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Dow Plunges Nearly 300 Points

An overwhelming selloff took Wall Street by storm Tuesday, with shares big and small collapsing amid mounting worries of waning earnings growth and rich stock valuations.

The Dow Jones Industrial Average tanked 299.43 points, or 3.4 percent, to 8,487.31. It was the third-biggest point loss ever and the key gauge's worst percentage loss since the Oct. 27, 1997, freefall of 7.2 percent.

Since peaking at 9,367.84 on July 20, the Dow has stumbled 880.53 points, or 9.4 percent.

Widely-followed market analyst Ralph Acampora of Prudential Securities told clients he looks for a correction of 15 percent to 20 percent in blue-chip averages. Acampora had been bullish since 1994, with stocks making good on a series of forecasts he made for higher prices on the Dow.

Tuesday's volume was the second-heaviest in New York Stock Exchange history, exceeded only by that of Oct. 28, 1997.

The number of stocks on the New York Stock Exchange making new 52-week lows reached 563, the most since the 637 of April 4, 1994, and a sign of the fragile state of the average stock. Just 17 Big Board stocks made new highs.

In another sign of the market's anemic breadth, New York Stock Exchange losers overwhelmed winners by an astounding 5 to 1. It was the worst ratio since April 27.

The Russell 2000 Index, a benchmark for smaller stocks, lost less than blue-chip averages. But at the Russell's lowpoint in Tuesday's session, it had lost 18.5 percent from its intraday high of April 22, exceeding the big corrections suffered in 1992 and 1996.

"This is the unhealthiest market we've had since 1994," said Tim Hayes, senior equity strategist at Ned Davis Research. "Our indicators show that market breadth and momentum have been the worst since 1994.

"The large-capitalization averages had been the one thing holding the market up," he said. "When you start to see these breaking down, that would confirm that we're in a downtrend."

"I think the chances are probably greater than 50 percent that we are going to have what will be constituted as a bear market," said Ricky Harrington, senior vice president and technical analyst at Interstate Johnson Lane Inc. "By definition, this means that the averages go down 20 percent.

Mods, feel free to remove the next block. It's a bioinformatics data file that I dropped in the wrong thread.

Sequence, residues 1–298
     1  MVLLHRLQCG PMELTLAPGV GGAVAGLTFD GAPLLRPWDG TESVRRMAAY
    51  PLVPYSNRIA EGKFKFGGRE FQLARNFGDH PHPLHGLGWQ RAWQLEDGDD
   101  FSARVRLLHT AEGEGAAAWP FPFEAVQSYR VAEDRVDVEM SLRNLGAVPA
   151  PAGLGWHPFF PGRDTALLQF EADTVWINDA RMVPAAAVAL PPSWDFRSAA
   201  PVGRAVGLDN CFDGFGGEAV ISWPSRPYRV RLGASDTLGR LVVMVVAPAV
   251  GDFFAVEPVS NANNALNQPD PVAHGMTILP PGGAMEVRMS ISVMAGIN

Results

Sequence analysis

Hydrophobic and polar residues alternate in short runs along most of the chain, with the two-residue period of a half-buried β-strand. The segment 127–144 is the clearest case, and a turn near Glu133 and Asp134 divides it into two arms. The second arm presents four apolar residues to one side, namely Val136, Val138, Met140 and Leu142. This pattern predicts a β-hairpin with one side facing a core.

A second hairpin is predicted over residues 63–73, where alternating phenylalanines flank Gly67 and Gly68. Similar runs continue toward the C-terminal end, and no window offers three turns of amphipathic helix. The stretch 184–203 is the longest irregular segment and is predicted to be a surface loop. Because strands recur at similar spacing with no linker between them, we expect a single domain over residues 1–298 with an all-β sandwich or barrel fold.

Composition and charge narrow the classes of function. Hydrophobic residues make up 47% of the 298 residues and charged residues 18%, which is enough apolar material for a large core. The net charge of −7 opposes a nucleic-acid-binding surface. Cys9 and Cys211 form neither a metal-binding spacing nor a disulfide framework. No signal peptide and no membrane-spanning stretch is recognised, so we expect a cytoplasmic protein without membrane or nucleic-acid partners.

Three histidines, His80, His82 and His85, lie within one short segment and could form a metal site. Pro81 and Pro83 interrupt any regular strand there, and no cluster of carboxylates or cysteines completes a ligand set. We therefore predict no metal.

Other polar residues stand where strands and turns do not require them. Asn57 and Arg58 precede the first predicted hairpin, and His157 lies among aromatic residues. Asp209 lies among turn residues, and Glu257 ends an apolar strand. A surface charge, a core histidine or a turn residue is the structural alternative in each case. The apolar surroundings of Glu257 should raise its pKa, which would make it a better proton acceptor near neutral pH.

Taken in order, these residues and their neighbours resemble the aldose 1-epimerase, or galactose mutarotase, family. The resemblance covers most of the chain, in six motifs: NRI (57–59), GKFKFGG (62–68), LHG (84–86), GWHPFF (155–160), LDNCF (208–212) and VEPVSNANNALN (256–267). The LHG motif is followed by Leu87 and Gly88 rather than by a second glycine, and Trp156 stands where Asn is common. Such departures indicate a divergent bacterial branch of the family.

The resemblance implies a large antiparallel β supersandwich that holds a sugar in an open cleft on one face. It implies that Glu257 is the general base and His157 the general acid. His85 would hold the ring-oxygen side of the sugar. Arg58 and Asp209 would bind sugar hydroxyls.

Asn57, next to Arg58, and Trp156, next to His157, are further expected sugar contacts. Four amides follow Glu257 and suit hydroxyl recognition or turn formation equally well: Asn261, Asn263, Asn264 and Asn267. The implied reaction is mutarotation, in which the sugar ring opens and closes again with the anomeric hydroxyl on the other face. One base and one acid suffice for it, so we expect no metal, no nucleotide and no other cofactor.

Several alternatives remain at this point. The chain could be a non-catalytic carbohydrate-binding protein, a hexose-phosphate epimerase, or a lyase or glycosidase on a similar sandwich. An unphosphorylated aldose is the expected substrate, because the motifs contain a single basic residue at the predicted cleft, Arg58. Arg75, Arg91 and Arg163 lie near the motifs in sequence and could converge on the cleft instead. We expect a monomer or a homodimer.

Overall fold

"The one thing that is different technically is that we have a tremendous divergence between the performance of secondary stocks vs. the big-cap, blue-chip stocks," Harrington pointed out. "But also the market is much more highly valued now.

"We've had a long, almost unabated bull market and a correction of some magnitude is certainly in order. That, in itself, is a decent reason for expecting a normal correction here."

Fundamentally, corporate earnings growth, or the lack thereof, is at the heart of the two-week decline in blue-chip averages.

According to earnings compiler IBES, about 84 percent of America's 500 largest corporations have thus far weighed in with second-uarter results. Earnings have come in a paltry 1.7% higher than those of the second quarter of 1997.

As for the future, IBES reports that Wall Street equity analysts look for earnings at America's largest companies to grow 5.9 percent in the third quarter and 11.7 percent for the fourth quarter.

But analysts have continually ratcheted these figures down since the start of the year. Then, they stood at 15.3 percent and 14.8 percent, respectively.

In Tuesday's market highlights:

  • The Standard & Poor's 500 Index fell 3.6 percent.
  • On the Big Board floor, turnover surged 32 percent to 825 million shares.
  • The Nasdaq Composite fell 3.5 percent. Declining issues smashed advancers by 3.7 to 1 in the Nasdaq Stock Market. Volume totaled 908 million shares.
  • In the bond market, the 30-year Treasury rose 17/32, to yield 5.627 percent.

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